In this session we will learn how to model and solve optimization problems of different types (linear, nonlinear, continuous and/or mixed integer) using AMPL as modeling language and some off-the-shelf solvers through the NEOS Server.

## What is AMPL?

**A** **M**athematical **P**rogramming **L**anguage (**AMPL**) is an algebraic modeling language broadly used to manipulate data and implement mathematical optimization models and strategies. It was developed by Robert Fourer, David Gay, and Brian Kernighan at Bell Laboratories in the 80s, and their book, *AMPL: A Modeling Language for Mathematical Programming*, is a complete guide for modelers
at all levels of experience. Both the book and all the examples it contains are publicly available in The AMPL Book.

AMPL sintax is similar to usual notation of mathematical optimization models in which you describe data, variables, objectives and constraints.
It also provides commands for debugging models and analyzing results. In order to solve these models, more than 40 open source and commercial
solvers are supported. One of its advantages is that AMPL jobs (of reasonable sizes) can be implemented and solved “in the cloud” in collaboration with the **NEOS Server** project.

## What is the NEOS Server?

**N**etwork-**E**nabled **O**ptimization **S**ystem (**NEOS**) Server is
a free internet-based service for solving numerical optimization problems, which is hosted by the Wisconsin Institute for Discovery at the University of Wisconsin in Madison.

NEOS provides access to more than 60 state-of-the-art solvers in more than a dozen optimization categories.
Jobs can be submitted directly to NEOS, via its web page or email, or indirectly, using for instance Pyomo or R, using the `rneos`

package. An appropriate remote computer on which to run it is sought (holding the
job in a queue if necessary). When a remote computer is available, it reads and executes the submitted
files, runs the requested solver, and gathers the resulting output.
The Server reports the output on the submission website and optionally
emails a copy to the user. Most of the solvers in NEOS admit and AMPL input.

## Build a *simple* NEOS job using AMPL

First, we need to create three files using the AMPL sintax. These files contain, respectively, the optimization model (**mod** file), the data to be used by the model (**dat** file) and the commands to be executed (**run** file). Second, we select a suitable solver from the NEOS pool to solve the optimization problem at hand. Finally, the AMPL files are uploaded and executed in a server.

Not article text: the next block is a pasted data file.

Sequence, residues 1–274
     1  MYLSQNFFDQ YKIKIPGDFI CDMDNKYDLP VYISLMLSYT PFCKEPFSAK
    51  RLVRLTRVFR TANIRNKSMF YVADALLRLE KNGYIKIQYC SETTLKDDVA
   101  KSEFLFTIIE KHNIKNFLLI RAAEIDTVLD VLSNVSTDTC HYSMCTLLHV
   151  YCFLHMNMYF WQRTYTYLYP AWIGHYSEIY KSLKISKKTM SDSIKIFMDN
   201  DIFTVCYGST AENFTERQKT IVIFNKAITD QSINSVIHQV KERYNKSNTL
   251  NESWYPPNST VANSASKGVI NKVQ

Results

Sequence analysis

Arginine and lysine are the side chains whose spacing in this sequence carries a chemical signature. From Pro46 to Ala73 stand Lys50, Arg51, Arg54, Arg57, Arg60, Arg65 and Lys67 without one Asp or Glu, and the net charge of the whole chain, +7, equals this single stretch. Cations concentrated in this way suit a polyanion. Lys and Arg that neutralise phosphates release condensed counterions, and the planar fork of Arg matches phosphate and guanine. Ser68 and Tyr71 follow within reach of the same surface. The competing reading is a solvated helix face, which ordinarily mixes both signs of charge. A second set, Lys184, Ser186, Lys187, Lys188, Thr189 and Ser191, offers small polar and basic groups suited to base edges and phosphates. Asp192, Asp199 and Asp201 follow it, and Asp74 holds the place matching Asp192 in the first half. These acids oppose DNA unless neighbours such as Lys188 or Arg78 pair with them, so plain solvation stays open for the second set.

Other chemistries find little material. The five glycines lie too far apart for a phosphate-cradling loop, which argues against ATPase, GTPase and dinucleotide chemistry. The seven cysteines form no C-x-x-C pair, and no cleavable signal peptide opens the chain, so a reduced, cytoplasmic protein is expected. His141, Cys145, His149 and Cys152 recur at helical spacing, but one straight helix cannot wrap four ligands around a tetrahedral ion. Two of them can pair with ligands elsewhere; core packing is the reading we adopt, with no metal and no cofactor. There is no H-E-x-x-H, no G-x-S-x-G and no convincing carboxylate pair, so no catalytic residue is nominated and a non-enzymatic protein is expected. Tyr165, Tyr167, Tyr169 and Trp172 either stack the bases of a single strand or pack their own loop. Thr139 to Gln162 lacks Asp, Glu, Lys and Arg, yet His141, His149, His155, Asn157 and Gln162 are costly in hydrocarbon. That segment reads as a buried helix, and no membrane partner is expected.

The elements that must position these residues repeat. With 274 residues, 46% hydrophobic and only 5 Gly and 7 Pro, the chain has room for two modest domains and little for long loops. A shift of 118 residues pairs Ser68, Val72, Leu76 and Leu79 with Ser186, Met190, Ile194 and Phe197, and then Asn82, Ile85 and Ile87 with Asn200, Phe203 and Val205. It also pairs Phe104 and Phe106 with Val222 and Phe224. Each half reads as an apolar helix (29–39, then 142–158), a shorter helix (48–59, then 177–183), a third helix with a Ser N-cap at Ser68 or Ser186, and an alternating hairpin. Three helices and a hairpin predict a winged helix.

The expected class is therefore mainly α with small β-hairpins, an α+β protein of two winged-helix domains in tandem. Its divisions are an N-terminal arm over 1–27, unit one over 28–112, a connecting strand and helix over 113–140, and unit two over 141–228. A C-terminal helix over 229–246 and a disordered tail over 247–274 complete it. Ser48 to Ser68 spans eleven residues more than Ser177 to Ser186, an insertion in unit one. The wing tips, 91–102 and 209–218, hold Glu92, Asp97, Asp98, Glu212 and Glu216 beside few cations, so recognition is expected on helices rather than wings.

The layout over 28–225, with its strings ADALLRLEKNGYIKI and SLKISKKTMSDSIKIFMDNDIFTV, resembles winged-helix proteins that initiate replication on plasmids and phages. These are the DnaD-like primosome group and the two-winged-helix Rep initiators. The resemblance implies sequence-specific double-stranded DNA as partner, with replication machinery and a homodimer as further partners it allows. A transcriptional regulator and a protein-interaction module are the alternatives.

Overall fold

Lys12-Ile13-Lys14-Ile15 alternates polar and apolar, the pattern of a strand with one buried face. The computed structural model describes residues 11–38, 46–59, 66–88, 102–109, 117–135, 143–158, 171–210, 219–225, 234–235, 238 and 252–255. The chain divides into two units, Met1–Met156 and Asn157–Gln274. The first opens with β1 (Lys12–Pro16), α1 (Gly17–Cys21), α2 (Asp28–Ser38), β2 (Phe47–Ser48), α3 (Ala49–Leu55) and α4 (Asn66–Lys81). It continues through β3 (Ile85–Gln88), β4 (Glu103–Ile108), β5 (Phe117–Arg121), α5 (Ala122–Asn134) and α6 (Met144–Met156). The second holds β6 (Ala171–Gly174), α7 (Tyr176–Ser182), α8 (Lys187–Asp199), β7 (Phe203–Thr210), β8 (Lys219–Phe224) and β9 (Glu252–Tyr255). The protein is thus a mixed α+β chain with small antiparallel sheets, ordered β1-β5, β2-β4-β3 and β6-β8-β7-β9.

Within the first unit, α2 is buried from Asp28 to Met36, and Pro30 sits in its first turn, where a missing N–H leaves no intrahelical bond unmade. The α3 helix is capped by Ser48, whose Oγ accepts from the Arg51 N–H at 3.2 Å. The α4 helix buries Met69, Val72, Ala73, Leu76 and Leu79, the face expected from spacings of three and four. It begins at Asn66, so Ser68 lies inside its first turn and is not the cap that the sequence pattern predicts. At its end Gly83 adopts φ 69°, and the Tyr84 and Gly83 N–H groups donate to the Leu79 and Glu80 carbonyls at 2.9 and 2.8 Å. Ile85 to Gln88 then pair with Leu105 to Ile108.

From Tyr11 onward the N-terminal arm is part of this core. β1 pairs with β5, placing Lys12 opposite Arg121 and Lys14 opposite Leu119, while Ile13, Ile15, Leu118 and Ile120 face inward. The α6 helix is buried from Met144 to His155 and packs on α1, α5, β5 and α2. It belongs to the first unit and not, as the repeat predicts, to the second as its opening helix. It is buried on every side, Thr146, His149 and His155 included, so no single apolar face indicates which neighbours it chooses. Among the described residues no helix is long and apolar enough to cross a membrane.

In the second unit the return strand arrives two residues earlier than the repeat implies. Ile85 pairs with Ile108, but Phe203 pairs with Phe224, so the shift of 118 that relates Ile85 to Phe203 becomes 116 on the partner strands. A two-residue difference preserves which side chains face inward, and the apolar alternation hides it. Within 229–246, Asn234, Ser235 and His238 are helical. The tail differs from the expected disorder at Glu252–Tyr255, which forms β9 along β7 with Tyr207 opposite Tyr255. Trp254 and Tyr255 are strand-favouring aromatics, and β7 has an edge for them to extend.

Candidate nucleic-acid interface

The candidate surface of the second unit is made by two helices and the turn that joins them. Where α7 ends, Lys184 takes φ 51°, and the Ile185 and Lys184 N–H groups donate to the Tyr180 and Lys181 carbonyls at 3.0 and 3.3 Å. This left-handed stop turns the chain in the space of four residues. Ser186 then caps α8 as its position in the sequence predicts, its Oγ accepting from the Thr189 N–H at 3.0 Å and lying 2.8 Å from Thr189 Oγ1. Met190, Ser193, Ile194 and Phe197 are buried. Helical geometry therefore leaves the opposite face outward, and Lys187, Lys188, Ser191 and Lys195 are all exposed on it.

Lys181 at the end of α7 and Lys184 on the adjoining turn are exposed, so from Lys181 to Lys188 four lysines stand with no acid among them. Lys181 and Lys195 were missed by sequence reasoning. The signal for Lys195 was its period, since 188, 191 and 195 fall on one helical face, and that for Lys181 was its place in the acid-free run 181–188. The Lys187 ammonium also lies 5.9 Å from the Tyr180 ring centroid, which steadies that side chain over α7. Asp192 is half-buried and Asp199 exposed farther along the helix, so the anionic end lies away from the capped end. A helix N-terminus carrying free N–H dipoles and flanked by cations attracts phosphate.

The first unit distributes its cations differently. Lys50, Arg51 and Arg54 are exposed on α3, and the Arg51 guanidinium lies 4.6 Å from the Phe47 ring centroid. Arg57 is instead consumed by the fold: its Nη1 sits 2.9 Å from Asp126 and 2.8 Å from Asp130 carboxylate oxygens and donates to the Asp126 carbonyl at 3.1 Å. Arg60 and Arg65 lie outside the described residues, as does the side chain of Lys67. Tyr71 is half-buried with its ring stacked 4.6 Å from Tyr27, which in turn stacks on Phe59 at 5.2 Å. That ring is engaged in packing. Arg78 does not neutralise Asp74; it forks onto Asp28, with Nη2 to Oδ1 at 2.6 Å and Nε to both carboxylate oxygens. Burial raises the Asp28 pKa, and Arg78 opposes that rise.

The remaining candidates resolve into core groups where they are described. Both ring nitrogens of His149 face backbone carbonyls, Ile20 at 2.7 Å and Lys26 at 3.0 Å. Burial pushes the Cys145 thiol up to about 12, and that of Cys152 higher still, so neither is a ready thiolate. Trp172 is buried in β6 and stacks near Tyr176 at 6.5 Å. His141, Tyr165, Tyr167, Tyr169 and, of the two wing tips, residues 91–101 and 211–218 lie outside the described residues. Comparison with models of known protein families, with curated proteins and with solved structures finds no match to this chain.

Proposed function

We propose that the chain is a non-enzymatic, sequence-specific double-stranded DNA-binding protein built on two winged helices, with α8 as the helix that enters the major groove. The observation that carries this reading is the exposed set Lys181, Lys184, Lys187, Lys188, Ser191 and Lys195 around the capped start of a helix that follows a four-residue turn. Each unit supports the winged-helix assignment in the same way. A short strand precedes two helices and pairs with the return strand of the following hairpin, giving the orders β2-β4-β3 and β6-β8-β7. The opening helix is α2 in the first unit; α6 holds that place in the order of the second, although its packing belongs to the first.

To illustrate the process we will use the well-known “diet problem”, which finds a mix of foods that satisfies some requirements on the amounts of various vitamins minimizing the total cost. This problem is fully described in Chapter 2 in the AMPL book.

Let $J$ be the set of foods and $I$ the set of vitamins, $x_j$, the amount of food of type $j$, $c_j$ its cost and $v_{ij}$ the amount of vitamin $i$ in food $j$, for $i\in I$ and $j\in J$. The diet problem is stated as:

$$
\begin{array}{ll}
\min \,\, \displaystyle\sum_{j \in J} c_jx_j & \\

\text{s.t.} & \\

l_i \leq \displaystyle\sum_{j \in J} v_{ij}x_j \leq u_i & \,\, i\in I, \\

a_j \leq x_j \leq b_j & \,\, j\in J,
\end{array}
$$

where $l_i$ and $u_i$ denote the lower and upper bounds for the amount of vitamin $i$, for $i\in I$.

### The **dat** file

The parameters to be used in the optimization model are included in this file. We will learn how to declare numbers, vectors and matrices.

#### Numbers

To declare a numerical parameter we use the keyword **param**, followed by a name, the “:=” symbols, its value and “;”.

```
param n:=8; #number of foods
param m:=6; #number of vitamins
```

#### Vectors

To declare a numerical vector we use the keyword **param**, followed by a name, the “:=” symbols, a column of indeces and values and “;”. One can even declare more than one vector at once, using different names for each column.